In a leadership race finale that stretched well into the early hours of August 24th, Erin O’Toole emerged victorious.

O’Toole, Member of Parliament for Ontario’s Durham riding, succeeds Andrew Scheer as Conservative Party leader. He defeated party co-founder Peter MacKay on the third ballot.

Leslyn Lewis, who received the most votes in the majority of rural ridings in Western Canada, surprised many with her strong third place finish, while Derek Sloan dropped off the ballot after the first round of votes were counted.

The question now for the farm community will be how O’Toole manages the agriculture portfolio. The platform he campaigned on focuses on food security and resiliency in order to withstand future issues and opening up new markets, while protecting supply management. It also includes a plan to end the current carbon tax.

The new leader’s agriculture platform did not vastly differ from the other candidates’, but highlights include (from O’Toole’s website):

  • Respecting supply management for dairy and poultry, and ensuring that farming families are engaged in any trade negotiations on programs that impact the sector;
  • Ending the Liberal carbon tax, which is driving up farm input costs like diesel fuel, natural gas, fertilizer, transportation and electricity;
  • Supporting more agriculture research and harmonization of farm product regulations with trading partners, especially the U.S.;
  • Ensuring farm safety net programs are “predictable, bankable, and manageable”;
  • Implementing a plan to tackle rural crime and ensure that farm families feel safe;
  • Developing policies with community stakeholders to facilitate the transfer of family farms from parents to their children;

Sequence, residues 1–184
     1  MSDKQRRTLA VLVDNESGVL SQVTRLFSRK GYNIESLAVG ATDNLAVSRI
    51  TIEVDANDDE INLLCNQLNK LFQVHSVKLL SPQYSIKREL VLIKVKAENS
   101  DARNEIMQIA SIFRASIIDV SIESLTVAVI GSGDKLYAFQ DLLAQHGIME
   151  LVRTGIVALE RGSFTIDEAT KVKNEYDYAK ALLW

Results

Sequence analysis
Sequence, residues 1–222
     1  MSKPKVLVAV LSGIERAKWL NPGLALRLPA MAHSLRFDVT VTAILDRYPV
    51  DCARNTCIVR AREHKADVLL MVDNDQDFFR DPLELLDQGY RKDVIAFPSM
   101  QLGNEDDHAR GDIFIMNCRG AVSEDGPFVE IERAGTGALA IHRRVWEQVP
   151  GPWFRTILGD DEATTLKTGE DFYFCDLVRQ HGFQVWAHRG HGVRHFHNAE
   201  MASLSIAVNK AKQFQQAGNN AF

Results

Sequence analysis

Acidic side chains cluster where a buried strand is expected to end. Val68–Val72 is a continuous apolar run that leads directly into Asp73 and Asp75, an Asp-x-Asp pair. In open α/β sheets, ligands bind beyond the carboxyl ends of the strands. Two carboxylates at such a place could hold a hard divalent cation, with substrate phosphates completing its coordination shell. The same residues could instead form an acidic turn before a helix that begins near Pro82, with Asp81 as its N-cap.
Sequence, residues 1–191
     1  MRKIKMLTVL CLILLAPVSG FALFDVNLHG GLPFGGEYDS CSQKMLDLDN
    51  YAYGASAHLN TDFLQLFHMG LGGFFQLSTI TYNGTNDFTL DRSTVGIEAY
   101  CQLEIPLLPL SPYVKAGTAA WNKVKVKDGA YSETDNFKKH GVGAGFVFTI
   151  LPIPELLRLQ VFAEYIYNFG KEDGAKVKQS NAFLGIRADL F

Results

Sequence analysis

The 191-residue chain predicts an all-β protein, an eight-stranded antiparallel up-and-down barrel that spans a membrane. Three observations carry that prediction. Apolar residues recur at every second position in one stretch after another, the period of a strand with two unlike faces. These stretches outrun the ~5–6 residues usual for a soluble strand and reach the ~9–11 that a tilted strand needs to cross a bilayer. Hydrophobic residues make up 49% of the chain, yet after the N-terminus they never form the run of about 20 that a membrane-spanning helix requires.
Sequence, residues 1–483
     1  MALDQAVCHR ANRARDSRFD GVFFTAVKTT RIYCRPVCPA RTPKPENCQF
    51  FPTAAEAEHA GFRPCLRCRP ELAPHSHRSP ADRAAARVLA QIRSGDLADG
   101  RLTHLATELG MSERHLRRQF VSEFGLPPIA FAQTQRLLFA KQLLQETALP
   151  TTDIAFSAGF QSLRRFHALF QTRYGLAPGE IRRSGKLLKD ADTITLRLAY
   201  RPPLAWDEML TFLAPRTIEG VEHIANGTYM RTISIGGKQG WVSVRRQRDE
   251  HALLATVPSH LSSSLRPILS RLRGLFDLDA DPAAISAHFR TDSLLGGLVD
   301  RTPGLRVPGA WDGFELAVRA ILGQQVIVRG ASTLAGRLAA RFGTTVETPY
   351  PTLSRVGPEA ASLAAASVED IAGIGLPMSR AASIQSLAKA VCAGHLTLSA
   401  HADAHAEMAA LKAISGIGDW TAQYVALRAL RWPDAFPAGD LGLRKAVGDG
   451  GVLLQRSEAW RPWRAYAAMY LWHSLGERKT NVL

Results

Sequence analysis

• Amending existing laws in order to allow livestock owners to use local slaughterhouses, reducing both stress to the animals and the production of greenhouse gas emissions resulting from transportation to distant facilities;
  • Recognizing the critical environmental stewardship provided by Canadian farmers and examine public good recognition for the positive impacts they have on wetlands conservation, carbon sequestration, reforestation, species protection and maintaining pollinator habitat.
  • Launch a national Alternative Land Use Systems pilot to examine positive incentives for environmental stewardship by farmers.;
  • Protect food supply by implementing a food security strategy including redirecting some federal agricultural research funding, to partnering with the private sector to develop methods to grow more crops in Canada year round in greenhouses;
  • Launching programming to build clusters of greenhouses by funding infrastructure and cutting the red tape to get them built quickly;
  • Reassessing all federal regulations concerning the labelling of food products to ensure that both their contents and country of origin are clearly identified.

O’Toole is well-known in the Ontario agriculture community, and seemed to be the frontrunner for the province’s farmers.

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